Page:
Power of Informal Mentorship
Abuwi Aleem stated that in the infancy of her career at OPL, she benefitted greatly from informal mentorship. Informal mentorship, as defined by Lonnie D. Inzer and C.B. Crawford, Ph.D. in the Journal of Leadership Education, is “the natural coming together of a mentor and protégé. This is done in friendship, through personal and professional respect and admiration from each to the other. It is usually a long-term relationship. Formal mentoring differs from informal mentoring in that the organization develops a program and process for mentoring to take place”.
Informal mentorship is also serendipitous because the mentee usually finds future mentors by asking questions and learning a lot from co-workers by interacting with them. Mentees usually meet mentors at conferences or other parts of the field. Abuwi Aleem also stated that “informal mentorship seems to be more successful, meaningful and impactful for people of color”. Mentees have a “safe space” to impart and question experiences from someone who has been in similar circumstances.
One of the best parts of informal mentorship is that anyone can mentor, it is a relationship that offers “support, advice, and other benefits commonly associated with mentorship…”, it is preferred by librarians of color, and it is flexible ( there is not a specific time limit and you can get mentorship outside of where you are working).
How to Succeed as a Mentor and Mentee
Toney stressed that in both formal and informal mentoring situations, both parties can be successful as a mentor or mentee. To be successful, the mentor:
- Should not be just available for questions. They should be a resource, actively check in and communicate availability.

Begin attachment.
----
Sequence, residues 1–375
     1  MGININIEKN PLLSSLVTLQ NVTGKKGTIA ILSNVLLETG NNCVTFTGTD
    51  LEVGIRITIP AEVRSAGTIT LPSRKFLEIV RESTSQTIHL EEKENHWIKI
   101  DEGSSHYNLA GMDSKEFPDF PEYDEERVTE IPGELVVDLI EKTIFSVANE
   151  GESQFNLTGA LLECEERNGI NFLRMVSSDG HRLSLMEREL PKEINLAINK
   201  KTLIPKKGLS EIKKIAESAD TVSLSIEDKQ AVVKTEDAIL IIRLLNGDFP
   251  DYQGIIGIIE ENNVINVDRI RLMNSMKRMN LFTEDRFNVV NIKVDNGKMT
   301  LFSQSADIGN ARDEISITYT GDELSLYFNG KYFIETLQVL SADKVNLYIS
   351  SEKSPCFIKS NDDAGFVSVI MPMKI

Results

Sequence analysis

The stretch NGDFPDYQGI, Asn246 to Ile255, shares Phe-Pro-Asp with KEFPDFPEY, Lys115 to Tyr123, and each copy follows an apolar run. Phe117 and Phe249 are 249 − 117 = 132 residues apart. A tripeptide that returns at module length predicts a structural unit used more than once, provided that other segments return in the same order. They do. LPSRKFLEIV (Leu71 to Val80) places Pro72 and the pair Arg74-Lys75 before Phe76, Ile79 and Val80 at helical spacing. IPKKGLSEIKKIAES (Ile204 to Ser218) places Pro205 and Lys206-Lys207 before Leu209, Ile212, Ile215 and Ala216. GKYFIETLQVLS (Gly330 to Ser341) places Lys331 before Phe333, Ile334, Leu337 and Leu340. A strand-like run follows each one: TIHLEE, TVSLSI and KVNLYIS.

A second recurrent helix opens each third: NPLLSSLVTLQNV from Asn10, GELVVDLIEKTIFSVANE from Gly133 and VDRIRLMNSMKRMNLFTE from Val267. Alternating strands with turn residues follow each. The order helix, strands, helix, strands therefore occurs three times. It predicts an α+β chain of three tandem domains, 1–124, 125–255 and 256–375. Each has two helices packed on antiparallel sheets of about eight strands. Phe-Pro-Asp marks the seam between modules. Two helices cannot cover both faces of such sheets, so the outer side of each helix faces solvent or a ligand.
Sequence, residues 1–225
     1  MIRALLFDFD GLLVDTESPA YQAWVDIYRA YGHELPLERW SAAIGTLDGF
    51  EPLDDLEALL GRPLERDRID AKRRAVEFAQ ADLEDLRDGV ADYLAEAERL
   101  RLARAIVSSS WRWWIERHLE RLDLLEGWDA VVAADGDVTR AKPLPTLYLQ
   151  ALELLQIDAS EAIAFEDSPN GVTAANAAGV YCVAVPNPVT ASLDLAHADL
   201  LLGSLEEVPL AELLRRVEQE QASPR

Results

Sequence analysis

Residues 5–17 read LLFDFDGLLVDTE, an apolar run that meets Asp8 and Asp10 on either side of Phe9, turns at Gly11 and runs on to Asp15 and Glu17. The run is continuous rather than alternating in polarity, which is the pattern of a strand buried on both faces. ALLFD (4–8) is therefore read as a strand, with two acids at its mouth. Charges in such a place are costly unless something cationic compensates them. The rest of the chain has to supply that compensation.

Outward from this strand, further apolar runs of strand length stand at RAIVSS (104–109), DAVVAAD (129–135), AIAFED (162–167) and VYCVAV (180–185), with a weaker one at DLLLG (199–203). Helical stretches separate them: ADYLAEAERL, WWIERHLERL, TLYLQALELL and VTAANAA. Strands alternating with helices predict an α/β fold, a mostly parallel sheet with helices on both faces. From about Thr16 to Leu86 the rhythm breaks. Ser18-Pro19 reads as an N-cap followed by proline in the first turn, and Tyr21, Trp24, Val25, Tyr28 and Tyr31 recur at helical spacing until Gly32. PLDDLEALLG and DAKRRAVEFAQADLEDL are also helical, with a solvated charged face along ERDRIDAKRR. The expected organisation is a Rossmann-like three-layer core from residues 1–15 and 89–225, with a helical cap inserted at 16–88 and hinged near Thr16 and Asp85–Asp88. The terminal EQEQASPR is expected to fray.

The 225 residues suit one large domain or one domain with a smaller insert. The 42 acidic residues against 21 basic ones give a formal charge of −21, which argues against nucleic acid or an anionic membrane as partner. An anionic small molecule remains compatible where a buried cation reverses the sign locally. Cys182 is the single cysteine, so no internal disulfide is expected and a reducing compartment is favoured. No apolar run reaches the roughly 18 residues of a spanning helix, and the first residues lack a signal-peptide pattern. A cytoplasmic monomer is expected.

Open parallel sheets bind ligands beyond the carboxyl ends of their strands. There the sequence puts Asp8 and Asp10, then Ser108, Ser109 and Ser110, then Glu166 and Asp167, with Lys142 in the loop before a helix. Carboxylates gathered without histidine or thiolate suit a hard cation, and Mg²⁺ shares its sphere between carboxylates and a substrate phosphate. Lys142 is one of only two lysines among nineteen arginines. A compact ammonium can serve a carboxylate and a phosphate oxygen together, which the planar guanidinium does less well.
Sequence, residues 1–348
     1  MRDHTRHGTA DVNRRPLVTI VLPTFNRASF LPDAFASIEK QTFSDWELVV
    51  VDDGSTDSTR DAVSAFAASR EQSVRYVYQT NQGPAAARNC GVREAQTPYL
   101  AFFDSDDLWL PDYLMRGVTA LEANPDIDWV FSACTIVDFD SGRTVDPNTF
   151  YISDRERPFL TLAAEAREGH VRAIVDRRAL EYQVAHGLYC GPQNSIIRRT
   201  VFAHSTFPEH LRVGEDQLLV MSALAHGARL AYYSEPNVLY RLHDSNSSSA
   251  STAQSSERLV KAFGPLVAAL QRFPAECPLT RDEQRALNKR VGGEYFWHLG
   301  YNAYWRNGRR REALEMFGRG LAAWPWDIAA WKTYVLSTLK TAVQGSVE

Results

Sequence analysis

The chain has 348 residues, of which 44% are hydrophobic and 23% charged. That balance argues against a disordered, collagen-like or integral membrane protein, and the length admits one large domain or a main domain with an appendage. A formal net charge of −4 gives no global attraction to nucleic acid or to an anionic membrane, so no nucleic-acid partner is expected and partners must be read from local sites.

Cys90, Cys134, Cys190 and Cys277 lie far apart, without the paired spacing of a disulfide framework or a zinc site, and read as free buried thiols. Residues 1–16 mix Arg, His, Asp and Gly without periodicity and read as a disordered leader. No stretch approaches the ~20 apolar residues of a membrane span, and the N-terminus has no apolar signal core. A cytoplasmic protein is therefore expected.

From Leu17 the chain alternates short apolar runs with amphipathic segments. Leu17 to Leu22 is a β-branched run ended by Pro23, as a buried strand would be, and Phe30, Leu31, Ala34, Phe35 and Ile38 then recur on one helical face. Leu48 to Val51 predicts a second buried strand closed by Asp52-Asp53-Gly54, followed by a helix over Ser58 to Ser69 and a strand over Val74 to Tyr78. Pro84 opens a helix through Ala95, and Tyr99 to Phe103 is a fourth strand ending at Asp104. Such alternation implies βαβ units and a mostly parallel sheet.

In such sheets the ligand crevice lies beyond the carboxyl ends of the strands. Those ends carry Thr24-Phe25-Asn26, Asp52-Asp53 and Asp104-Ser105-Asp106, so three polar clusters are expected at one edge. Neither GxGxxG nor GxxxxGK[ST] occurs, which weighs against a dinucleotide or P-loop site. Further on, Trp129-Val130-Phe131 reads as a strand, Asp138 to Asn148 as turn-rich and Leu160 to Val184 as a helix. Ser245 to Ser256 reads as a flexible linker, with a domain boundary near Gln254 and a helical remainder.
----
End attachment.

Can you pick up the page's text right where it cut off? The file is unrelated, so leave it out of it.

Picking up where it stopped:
- Should not be afraid to share their experiences. They should be open and honest, be reflective, and lead by example.
- Should not assume anything about their mentee. They should be a good listener, ask leading questions and most importantly, encourage self-care.
A successful mentee:
- Should not expect all things from one person. They should seek multiple avenues for support and be willing to try something new.
- Should not be afraid to ask questions or ask for help. They should seek realistic goals and actively check-in.
- Should not feel like a burden. They should contribute to the relationship and share their viewpoints.
If you would like to become a mentor or find a mentor to help you on your journey into librarianship, you can tweet your request via hashtag: #JCLCMentor on Twitter.
Works Cited :Inzer, L.D., & Crawford, PhD., C.B., (2005). A Review of Formal and Informal Mentoring: Process, Problems, and Design. Journal of Leadership Education, Volume 4 (Issue 1), pp. 31-50.